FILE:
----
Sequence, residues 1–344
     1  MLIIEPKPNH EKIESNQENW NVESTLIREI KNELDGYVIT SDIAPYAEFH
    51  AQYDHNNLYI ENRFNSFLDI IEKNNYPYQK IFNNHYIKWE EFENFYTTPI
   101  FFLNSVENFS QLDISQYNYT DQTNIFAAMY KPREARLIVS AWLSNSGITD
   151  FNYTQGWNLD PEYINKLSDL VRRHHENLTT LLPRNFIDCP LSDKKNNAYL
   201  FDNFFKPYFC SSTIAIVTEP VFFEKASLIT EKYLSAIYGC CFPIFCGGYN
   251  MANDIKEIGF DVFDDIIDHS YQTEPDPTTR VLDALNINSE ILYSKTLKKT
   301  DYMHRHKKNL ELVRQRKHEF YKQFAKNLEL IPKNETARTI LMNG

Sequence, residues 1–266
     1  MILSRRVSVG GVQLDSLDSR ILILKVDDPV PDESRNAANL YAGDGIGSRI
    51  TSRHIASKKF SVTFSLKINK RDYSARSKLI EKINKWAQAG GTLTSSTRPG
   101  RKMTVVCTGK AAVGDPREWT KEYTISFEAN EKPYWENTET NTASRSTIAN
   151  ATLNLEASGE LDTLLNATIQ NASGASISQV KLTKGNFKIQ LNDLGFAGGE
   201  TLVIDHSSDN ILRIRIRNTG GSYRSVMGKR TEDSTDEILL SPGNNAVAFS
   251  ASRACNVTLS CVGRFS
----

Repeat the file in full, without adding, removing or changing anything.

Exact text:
Sequence, residues 1–344
     1  MLIIEPKPNH EKIESNQENW NVESTLIREI KNELDGYVIT SDIAPYAEFH
    51  AQYDHNNLYI ENRFNSFLDI IEKNNYPYQK IFNNHYIKWE EFENFYTTPI
   101  FFLNSVENFS QLDISQYNYT DQTNIFAAMY KPREARLIVS AWLSNSGITD
   151  FNYTQGWNLD PEYINKLSDL VRRHHENLTT LLPRNFIDCP LSDKKNNAYL
   201  FDNFFKPYFC SSTIAIVTEP VFFEKASLIT EKYLSAIYGC CFPIFCGGYN
   251  MANDIKEIGF DVFDDIIDHS YQTEPDPTTR VLDALNINSE ILYSKTLKKT
   301  DYMHRHKKNL ELVRQRKHEF YKQFAKNLEL IPKNETARTI LMNG

Sequence, residues 1–266
     1  MILSRRVSVG GVQLDSLDSR ILILKVDDPV PDESRNAANL YAGDGIGSRI
    51  TSRHIASKKF SVTFSLKINK RDYSARSKLI EKINKWAQAG GTLTSSTRPG
   101  RKMTVVCTGK AAVGDPREWT KEYTISFEAN EKPYWENTET NTASRSTIAN
   151  ATLNLEASGE LDTLLNATIQ NASGASISQV KLTKGNFKIQ LNDLGFAGGE
   201  TLVIDHSSDN ILRIRIRNTG GSYRSVMGKR TEDSTDEILL SPGNNAVAFS
   251  ASRACNVTLS CVGRFS